This is two-celled church with an elongated, flat-roofed nave fronted by a barrel-vaulted atrium. It is thought to be a small funerary chapel. It is in the Göreme open-air museum. The apse has been carved out of the left-hand wall. The church may be dated to the end of the 11th century. There are some daubed red ochre geometrical shapes as well as a number of frescos in the church.
On the vault over the apse are depicted St. Onesimos,followed by the two warrior saints, George and Theodore, facing each other on horseback. St. George on a white horse carries a lance, as does Theodore on a red horse, and both are engaged in slaying the dragon at their feet. Next to them stand the figures of Emperor Constantine the Great (306-337 A.D.) and his mother, Helena. Both are portrayed with auras, indicating their acceptance as saints. Between them they hold the True Cross.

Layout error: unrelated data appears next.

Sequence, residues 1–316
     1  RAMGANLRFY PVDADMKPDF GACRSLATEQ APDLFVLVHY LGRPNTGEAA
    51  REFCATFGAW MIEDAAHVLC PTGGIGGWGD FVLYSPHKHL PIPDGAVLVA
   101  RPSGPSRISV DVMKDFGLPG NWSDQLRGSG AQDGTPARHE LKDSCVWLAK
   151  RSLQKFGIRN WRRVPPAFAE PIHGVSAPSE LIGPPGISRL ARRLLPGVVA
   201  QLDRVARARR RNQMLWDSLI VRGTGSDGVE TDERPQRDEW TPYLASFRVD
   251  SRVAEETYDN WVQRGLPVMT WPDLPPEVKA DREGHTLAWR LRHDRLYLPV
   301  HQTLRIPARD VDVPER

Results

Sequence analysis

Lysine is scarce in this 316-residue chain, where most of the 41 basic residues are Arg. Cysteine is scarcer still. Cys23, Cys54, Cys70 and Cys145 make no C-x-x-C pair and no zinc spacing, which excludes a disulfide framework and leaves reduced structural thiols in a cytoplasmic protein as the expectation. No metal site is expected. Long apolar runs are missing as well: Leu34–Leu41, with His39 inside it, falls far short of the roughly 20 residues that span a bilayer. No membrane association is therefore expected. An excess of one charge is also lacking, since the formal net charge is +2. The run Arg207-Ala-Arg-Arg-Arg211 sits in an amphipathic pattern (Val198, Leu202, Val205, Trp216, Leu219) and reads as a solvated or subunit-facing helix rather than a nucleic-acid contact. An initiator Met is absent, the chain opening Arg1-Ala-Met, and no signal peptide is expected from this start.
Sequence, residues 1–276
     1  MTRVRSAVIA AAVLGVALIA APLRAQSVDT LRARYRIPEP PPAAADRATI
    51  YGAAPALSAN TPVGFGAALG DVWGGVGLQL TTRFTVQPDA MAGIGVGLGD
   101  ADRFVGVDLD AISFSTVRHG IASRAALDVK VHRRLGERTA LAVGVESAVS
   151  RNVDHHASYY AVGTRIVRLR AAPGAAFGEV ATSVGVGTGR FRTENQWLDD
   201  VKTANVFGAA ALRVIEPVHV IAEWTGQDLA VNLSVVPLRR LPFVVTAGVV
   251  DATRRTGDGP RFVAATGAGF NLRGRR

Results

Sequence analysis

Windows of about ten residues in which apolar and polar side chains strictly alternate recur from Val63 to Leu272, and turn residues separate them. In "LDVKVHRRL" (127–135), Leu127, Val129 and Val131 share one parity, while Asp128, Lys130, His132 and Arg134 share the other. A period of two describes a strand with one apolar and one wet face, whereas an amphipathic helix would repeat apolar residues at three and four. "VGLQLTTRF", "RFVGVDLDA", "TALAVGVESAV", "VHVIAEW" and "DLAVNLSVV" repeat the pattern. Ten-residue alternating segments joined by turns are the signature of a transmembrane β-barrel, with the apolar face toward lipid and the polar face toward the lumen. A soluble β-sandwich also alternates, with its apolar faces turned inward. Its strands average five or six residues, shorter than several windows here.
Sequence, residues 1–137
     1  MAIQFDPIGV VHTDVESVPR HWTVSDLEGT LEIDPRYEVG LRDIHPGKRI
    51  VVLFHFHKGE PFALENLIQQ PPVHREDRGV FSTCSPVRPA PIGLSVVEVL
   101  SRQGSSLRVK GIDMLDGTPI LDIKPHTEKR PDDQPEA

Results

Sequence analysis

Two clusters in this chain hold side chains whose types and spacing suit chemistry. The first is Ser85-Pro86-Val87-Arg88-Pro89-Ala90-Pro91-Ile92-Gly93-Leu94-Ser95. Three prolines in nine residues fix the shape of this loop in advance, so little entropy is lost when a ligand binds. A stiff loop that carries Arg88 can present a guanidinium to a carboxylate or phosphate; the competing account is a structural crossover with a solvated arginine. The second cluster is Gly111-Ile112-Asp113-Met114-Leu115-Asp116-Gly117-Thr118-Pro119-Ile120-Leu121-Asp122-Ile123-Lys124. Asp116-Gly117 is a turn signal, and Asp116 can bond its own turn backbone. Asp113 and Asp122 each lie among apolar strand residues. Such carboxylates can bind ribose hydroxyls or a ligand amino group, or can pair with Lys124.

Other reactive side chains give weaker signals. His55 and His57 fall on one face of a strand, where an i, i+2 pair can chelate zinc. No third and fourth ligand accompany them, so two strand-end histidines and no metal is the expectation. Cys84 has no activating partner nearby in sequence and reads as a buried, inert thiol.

On the opposite vault wall are depicted three saints figures, St. Onophrius, purported to have been a sinful woman, and on repenting to have changed into a man. This figure is depicted naked. Flanking this is the figures of Thomas in a benedictory pose, and St. Basil bearing the Holy Book.
At the opposite end of the vault stands Christ Pantocrator in the lunette, flanked by a small, anonymous figure.